Northern California Bay Area flexes its workspace muscle

“Flexible” office space (think coworking facilities, incubators, accelerators, shared space and flexible-term workspaces such as spec suites, month-to-month and subleases) has grown dramatically in popularity in the U.S. over the last eight years.

Prior to 2010, there was less than 8MSF of such space to be found around the country. By the end of last year, that space had grown to 68MSF. In 2018 alone, our recent report shows that flex space made up nearly 66 percent of all occupancy gains in the office sector.

Look for that rate of growth to continue. Though flex work space is currently less than two percent of the total office inventory in the U.S., JLL expects the sector to grow to almost 30 percent by 2030.

Bay Area markets poised to lead flex space growth

The Bay Area has become ground zero for much of this growth according to an article in The Investor. San Francisco and Silicon Valley rank second and third, respectively, among markets where JLL sees the greatest potential for the future growth of flex office space. Oakland, a logical market for San Francisco’s ‘spillover effect’, ranks eleventh.

Why? A big factor in the appeal of flex space in the Bay Area is that office market fundamentals are strong, meaning there are increasingly limited options for tenants looking to expand because space is both hard to find and relatively expensive. The Bay Area is also a major innovation hub and companies here know how to innovate in all aspects of their business, including their workspace.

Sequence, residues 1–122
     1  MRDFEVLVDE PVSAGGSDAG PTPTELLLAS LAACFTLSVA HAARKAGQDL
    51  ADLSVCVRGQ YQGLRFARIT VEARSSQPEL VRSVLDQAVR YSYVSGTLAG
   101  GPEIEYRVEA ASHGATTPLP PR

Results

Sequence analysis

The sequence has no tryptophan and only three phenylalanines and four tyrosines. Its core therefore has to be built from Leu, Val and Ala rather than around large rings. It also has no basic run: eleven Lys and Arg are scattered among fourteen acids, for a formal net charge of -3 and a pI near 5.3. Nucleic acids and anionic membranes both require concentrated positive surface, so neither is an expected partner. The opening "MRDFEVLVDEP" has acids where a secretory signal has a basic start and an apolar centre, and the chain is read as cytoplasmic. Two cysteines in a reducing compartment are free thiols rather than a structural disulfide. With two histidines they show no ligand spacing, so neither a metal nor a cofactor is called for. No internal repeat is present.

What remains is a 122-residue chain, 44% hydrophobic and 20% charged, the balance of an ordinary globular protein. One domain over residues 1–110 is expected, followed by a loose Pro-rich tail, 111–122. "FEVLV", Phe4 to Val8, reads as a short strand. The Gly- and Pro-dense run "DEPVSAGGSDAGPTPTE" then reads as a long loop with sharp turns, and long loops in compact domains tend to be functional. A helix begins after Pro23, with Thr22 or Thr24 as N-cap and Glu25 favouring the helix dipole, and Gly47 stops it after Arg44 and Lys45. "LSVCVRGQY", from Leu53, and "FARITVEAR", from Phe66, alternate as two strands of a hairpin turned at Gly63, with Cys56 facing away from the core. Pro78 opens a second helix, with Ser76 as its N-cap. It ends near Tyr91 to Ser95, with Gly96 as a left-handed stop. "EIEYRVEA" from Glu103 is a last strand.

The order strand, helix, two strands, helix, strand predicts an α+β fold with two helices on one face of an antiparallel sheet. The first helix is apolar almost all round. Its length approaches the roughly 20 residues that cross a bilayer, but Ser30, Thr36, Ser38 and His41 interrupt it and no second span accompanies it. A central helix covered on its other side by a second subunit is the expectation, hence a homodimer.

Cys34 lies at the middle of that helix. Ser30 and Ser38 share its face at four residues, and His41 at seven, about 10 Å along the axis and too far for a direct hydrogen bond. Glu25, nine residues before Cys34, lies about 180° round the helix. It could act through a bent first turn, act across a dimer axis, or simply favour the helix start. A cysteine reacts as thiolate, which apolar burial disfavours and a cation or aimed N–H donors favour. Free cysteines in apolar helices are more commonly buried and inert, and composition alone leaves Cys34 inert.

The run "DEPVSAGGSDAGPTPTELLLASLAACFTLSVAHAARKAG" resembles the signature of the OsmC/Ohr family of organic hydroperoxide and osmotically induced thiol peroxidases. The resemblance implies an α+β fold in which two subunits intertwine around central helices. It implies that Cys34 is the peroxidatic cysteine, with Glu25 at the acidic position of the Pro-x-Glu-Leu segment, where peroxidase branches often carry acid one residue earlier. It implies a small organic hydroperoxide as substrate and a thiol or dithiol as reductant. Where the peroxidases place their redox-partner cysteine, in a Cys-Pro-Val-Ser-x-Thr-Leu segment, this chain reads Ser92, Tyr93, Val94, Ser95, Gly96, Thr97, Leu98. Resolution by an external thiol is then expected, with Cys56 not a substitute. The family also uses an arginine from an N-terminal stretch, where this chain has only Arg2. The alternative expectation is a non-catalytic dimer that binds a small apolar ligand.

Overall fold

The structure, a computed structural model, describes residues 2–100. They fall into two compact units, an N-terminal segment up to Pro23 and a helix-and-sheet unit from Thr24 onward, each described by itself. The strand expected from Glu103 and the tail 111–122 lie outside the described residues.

What are the benefits of flexible space?

Flex space has several obvious benefits for companies. It can provide immediate plug-and-play space when companies need to be most nimble and expand quickly. Utilizing flexible space on very short-term leases can also be a great way for companies to “try out” locations and markets. Then there’s the convenience factor: since operating and managing real estate is not a core business for most tech companies, why not have someone else take care of it for you? Finally, for some companies – those needing space for 24-36 months - it may be a cheaper option than a long-term direct lease.

Are there downsides? Sure. Short-term leases or coworking memberships offer flexibility and convenience but they don’t bring certainty. If someone is willing to pay more for the convenience of taking that space – or conference room – you may be out of luck. Plus, companies that know they are going to need space for more than 36 months likely will find a better deal in “traditional’ office space.

It’s important to remember that coworking in itself is not a real estate strategy but could be a part of a strategy for some companies. The good news for office users is that there is now a suite of workspace options available to them, so it’s critical to find the right mix to align with business strategy, talent requirements and corporate growth. Using more freelancers and 1099 employees because you are operating fully in the gig economy? Then flexible space in multiple might be high on your list within your real estate strategy. Looking to attract engineering talent and grow your business in a new market? You may want to define and brand your own space and plant a long-term flag in the sand to do it.

One thing is crystal clear: the flexible space movement is growing and that means there is strong demand among companies for greater flexibility in planning for their real estate needs. Ultimately, that’s got to be good for everybody.

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